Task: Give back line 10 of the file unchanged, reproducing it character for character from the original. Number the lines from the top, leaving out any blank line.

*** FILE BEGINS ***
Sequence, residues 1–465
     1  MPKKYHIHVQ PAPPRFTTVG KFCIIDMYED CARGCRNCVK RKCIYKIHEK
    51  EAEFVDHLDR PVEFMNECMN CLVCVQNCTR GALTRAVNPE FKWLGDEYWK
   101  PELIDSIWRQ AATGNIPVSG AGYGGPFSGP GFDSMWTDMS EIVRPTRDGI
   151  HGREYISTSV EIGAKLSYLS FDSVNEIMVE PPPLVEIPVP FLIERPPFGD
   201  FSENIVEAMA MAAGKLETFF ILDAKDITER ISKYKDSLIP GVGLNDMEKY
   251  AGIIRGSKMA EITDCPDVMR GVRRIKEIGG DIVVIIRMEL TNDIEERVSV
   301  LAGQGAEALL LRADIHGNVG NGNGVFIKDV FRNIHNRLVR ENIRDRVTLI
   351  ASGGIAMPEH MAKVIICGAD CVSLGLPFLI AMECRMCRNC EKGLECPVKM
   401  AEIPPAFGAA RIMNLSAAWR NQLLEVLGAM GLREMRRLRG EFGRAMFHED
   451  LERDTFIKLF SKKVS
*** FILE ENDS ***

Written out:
   401  AEIPPAFGAA RIMNLSAAWR NQLLEVLGAM GLREMRRLRG EFGRAMFHED